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Articles / Paying for College / In-State Tuition in Texas After Relocation?

In-State Tuition in Texas After Relocation?

Sally Rubenstone
Written by Sally Rubenstone | Sept. 14, 2015

Question: Hello Dean, I hope you can give us some insight/suggestions regarding residency. My husband and I plan to move back “home” to Dallas, Texas, shortly after our son graduates from high school. Our son is currently a high school junior. We live in Ohio (have lived here 10 years now), but won’t likely move prior to his graduation due in large part to the following: Son attends a highly regarded, large public Ohio school, and is very near academic top of very large class. He’s very strong in both academics and extracurricular activities. So my husband and I both plan to keep working in Ohio until our son graduates.

Our BIG question is, how/when can our son get in-state tuition in Texas if we only just move there the summer after his high school graduation?

Your son will not be considered a Texas resident for tuition purposes until you have resided in Texas for 12 consecutive months. And, even then, if he has already enrolled at a Texas public college or university as a non-resident, he will not automatically be granted in-state status at the end of the first year. He will have to apply for it, and the determination is made on a case-by-case basis by the individual schools.  If your intent to remain in Texas is clear (more on that in a minute), then your son’s reclassification is probably just a formality, but you still need to understand that it is not a sure-thing.


Once you relocate to Texas, you shouldn’t plan to move into your sister’s rumpus room and drive around on your Ohio licenses if you want the 12-month clock to start ticking right away. This website from the University of Texas provides a helpful list of things that you need to do to establish your Texas residency, and your year won’t begin without documentation that you have officially launched this process. Note, however, that residency requirements can vary at least a little bit from one public college to the next. So once your son has his eye on some options, you should research the requirements at these schools individually.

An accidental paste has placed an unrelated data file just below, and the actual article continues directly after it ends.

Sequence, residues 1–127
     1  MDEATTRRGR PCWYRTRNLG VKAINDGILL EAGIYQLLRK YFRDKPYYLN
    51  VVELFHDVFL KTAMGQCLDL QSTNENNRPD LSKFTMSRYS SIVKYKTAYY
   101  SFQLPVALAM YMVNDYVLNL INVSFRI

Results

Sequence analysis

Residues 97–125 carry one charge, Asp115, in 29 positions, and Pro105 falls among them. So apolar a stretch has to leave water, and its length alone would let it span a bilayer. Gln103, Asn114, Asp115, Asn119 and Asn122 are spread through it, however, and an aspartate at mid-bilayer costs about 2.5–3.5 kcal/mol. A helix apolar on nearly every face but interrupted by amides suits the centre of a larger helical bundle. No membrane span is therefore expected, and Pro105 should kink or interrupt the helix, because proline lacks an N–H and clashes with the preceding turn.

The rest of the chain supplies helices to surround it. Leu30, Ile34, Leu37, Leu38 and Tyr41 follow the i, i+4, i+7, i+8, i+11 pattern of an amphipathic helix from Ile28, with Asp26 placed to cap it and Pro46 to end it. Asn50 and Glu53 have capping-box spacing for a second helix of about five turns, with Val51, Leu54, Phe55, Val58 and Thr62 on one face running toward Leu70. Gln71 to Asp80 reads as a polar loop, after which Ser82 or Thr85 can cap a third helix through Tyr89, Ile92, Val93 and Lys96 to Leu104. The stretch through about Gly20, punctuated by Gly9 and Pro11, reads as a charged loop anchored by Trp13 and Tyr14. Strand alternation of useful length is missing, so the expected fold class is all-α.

If you are fairly certain that your son will attend a public college in Texas, you might want to encourage him to take a “gap year” after he graduates from his high school in Ohio. That way, you wouldn’t get stuck paying a year of out-of-state tuition in TX, and your son wouldn’t have to petition for reclassification after starting college. Since many students opt to take a gap year anyway, even without this big incentive, this could be a wise strategy for him and … especially… for the parents who will be picking up the tab for his higher education!

 

Written by

Sally Rubenstone

Sally Rubenstone

Sally Rubenstone knows the competitive and often convoluted college admission process inside out: From the first time the topic of college comes up at the dinner table until the last duffel bag is unloaded on a dorm room floor. She is the co-author of Panicked Parents' Guide to College Admissions; The Transfer Student's Guide to Changing Colleges and The International Student's Guide to Going to College in America. Sally has appeared on NBC's Today program and has been quoted in countless publications, including The New York Times, The Washington Post, USA Weekend, USA Today, U.S. News & World Report, Newsweek, People and Seventeen. Sally has viewed the admissions world from many angles: As a Smith College admission counselor for 15 years, an independent college counselor serving students from a wide range of backgrounds and the author of College Confidential's "Ask the Dean" column. She also taught language arts, social studies, study skills and test preparation in 10 schools, including American international schools in London, Paris, Geneva, Athens and Tel Aviv. As senior advisor to College Confidential since 2002, Sally has helped hundreds of students and parents navigate the college admissions maze. In 2008, she co-founded College Karma, a private college consulting firm, with her College Confidential colleague Dave Berry, and she continues to serve as a College Confidential advisor. Sally and her husband, Chris Petrides, became first-time parents in 1997 at the ripe-old age of 45. So Sally was nearly an official senior citizen when her son Jack began the college selection process, and when she was finally able to practice what she had preached for more than three decades.

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